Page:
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I tried to solve a physics problem that involves a cylinder on a truck that is accelerating. I'm supposed to solve the acceleration of the center of mass of the cylinder when the acceleration of the truck, and the radius and the mass of the cylinder are known. The cylinder rolls without slipping.

In the solution it is said that as the rolling occurs without slipping, the point on the cylinder that is in contact with the truck accelerates at the same rate as the truck. Why is this true? I can understand that their speed should be the same as they are momentarily in contact, but why their accelerations?

I've been taught that if an object is under forces, regardless of the positions of the forces wrt. the center of mass, the acceleration of the COM is the sum of these forces. So if one point on the cylinder accelerates at the same rate as the truck, why doesn't the COM of the cylinder accelerate also at the same rate as the truck?

  • $\begingroup$ If an object rotates then not all points move with the same velocity. If the COM and the contact point have different velocities they also have different accelerations. $\endgroup$ – ja72 Apr 8 at 13:55
  • $\begingroup$ I'm curious. What was it about my answer that you had trouble accepting? $\endgroup$ – Chet Miller Apr 9 at 14:31

The place to start on this problem is with the kinematics. Let v represent the velocity of the CM of the cylinder, and let $\omega$ represent the counterclockwise rate of rotation of the cylinder. Then the tangential velocity at the bottom of the cylinder is $$v_T=v+\omega R$$ where R is the radius of the cylinder. Since the cylinder does not slip relative to the truck bed, this tangential velocity of the cylinder must match the velocity of the truck bed at all times. From this it follows that the acceleration of the cylinder a, the angular acceleration of the cylinder $\alpha$, and the acceleration of the truck $a_T$ must be related by $$a+\alpha R=a_T$$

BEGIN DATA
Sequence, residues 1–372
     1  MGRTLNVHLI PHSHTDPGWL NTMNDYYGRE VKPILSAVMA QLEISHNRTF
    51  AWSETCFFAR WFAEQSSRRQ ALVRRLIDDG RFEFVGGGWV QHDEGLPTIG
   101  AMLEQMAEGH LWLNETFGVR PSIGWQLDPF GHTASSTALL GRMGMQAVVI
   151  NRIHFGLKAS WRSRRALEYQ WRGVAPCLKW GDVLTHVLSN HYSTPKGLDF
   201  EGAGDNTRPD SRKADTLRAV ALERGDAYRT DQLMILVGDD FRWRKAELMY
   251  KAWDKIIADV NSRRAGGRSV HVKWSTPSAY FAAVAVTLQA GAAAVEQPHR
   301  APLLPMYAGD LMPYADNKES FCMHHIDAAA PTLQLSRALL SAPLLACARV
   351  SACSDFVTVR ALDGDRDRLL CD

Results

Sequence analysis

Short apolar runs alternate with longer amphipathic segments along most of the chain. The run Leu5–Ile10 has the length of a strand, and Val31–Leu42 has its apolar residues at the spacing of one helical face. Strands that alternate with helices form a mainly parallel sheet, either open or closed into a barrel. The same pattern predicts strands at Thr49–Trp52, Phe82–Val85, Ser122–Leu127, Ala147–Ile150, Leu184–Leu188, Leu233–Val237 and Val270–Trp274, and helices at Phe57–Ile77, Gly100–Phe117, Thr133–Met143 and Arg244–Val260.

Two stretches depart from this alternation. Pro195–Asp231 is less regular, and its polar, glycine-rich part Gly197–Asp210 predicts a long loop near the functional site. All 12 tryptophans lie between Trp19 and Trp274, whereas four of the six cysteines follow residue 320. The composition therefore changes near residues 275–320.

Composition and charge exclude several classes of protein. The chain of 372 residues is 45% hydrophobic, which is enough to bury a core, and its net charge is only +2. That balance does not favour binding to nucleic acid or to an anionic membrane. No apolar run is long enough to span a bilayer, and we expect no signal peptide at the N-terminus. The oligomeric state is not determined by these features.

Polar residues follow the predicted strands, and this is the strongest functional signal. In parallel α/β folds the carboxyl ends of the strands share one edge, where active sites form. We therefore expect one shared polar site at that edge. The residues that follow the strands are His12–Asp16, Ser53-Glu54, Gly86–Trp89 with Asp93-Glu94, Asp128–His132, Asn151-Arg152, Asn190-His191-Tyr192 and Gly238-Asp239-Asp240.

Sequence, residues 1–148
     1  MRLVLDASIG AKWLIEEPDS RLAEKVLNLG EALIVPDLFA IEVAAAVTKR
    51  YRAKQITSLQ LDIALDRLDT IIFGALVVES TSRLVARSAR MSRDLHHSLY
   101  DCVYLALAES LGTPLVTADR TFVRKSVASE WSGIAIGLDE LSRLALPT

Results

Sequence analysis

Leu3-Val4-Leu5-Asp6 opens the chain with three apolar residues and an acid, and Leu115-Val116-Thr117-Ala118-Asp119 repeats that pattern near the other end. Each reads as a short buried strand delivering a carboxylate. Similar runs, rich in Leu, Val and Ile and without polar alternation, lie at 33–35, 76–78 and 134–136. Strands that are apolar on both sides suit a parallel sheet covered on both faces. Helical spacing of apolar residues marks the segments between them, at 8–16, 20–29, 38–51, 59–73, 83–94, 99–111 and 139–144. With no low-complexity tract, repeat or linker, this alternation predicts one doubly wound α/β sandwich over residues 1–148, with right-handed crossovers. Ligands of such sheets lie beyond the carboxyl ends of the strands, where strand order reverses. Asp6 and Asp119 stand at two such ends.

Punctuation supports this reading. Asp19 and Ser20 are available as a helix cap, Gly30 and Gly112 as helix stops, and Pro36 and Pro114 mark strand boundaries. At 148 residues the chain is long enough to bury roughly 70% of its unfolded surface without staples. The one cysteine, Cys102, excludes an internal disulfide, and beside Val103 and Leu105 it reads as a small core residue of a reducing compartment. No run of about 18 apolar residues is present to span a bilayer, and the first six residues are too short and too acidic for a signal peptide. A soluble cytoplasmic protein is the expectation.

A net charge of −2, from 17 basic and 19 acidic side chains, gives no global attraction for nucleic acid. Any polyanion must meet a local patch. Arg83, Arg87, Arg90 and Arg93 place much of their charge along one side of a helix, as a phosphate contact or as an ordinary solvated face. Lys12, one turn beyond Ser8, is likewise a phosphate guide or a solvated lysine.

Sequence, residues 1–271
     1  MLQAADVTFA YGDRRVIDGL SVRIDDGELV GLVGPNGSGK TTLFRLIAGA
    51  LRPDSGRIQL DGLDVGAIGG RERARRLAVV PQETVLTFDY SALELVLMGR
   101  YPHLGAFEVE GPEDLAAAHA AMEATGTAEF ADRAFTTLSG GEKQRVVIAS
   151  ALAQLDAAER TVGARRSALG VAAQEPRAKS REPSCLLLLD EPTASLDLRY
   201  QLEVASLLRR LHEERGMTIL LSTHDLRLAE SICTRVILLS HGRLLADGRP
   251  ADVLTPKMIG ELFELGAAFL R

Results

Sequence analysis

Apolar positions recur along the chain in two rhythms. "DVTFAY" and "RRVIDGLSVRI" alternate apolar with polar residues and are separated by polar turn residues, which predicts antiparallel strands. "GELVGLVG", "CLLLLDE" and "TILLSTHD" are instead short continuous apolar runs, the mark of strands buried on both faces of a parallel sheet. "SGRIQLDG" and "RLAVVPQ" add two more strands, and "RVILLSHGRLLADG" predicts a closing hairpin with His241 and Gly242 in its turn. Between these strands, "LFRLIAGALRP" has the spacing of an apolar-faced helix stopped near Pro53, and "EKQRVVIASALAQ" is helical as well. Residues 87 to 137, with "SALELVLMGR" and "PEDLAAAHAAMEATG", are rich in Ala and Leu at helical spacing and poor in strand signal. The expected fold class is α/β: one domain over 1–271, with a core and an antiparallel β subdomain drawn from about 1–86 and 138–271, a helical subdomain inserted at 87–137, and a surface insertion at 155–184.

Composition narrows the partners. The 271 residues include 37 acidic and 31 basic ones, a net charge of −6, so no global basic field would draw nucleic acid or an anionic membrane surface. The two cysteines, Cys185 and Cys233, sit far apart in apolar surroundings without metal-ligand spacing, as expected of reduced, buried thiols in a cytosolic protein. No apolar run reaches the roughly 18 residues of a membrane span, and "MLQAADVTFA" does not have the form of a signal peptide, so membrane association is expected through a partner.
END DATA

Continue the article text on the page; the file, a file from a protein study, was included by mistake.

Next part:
Now for the mechanics: If F represents the forward frictional force exerted by the truck bed on the cylinder, F is responsible for both the linear acceleration of the center of mass and also for the angular acceleration. Therefore, $$a=\frac{F}{m}$$and $$\alpha=\frac{FR}{\frac{1}{2}mR^2}$$Combining the above equations, we have $$\frac{3F}{m}=a_T$$So, the tangential force is: $$F=m\frac{a_T}{3}$$ From this, it follows that the acceleration of the center of mass is $$a=\frac{a_T}{3}$$


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